I worked over the weekend so that I could spend today with my niece doing the fun things that come with being a college freshman -- buying stuff! We did the necessities first, the requisite campus parking sticker and student ID. Then we went to the campus bookstore and bought an ungodly number of required textbooks, and even though many of them had those yellow USED stickers on them that apparently are 1) universal, and 2) never change, we still spent the kind of money that would be sufficient down payment on a house.
Then we headed to the Apple store in the Galleria, and that's where the real damage to the credit card began. Even though she had her student ID and we saved $475.00 with that, her Powerbook and upgraded memory, Microsoft Office, three-year warranty and Apple dot com something-or-other that allows her back up her files to the internet, well that grand total was just about two mortgage payments. And that student ID came in handy again since Apple was giving away a mini-iPod with purchase of a lap top. You know, so that she can go to class and listen to music instead of her professor.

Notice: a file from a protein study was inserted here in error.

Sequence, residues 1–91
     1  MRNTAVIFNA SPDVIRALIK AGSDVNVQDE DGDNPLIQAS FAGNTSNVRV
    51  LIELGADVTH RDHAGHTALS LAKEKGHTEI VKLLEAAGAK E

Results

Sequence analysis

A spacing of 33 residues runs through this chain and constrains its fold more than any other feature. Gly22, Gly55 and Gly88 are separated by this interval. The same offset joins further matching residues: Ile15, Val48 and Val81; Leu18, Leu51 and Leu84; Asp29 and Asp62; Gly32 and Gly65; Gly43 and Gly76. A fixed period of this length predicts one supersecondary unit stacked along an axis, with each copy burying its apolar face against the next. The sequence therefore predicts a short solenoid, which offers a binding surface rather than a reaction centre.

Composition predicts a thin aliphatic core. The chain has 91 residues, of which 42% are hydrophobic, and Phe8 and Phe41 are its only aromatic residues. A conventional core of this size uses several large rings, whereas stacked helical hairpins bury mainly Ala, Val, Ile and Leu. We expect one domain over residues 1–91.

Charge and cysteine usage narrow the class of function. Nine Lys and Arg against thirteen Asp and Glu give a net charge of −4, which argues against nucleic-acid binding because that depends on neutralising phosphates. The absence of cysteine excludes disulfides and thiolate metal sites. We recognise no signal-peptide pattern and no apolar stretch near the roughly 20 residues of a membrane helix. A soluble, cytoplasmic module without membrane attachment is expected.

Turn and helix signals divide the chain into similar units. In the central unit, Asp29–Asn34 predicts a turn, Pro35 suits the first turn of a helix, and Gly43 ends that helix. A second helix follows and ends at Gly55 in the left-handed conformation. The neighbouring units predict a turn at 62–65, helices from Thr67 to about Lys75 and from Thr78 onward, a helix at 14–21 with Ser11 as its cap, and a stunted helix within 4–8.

While we waited for the Apple staff to load the software on the computer, we went to the Cheesecake Factory for lunch. Two sandwiches and sodas later and the now limp credit card was hit with $25.00. (For lunch??)
Right when we stepped outside, I noticed him sitting in his wheelchair, just at the doors of the Galleria entrance next to the Westin. My first thought was that he was a smart guy to place himself there because it's not cheap to stay at the Westin, and if you step one foot into the Galleria, you're either going to spend $25.00 for two sandwiches or you're going to hemorrhage your credit card, but either way, you have to have some money. (Unless you're going there to ice skate, but although I have not checked prices lately, I would still wager that even that doesn't come cheap.)
He had a bright American flag affixed to the back of his wheelchair, and I could see that he was missing his left hand and struggling with the portable cassette player in his lap. I felt bad for him and at the same time felt guilty for the crazy expensive lunch we just had while he was sitting outside in the heat, having to rely on the sympathy of strangers. As we approached the doors, I stopped to hand him some cash I'd pulled from my wallet.
He looked at the money, then up at me in surprise, "Uh, no, no thank you, I'm just waiting for my ride."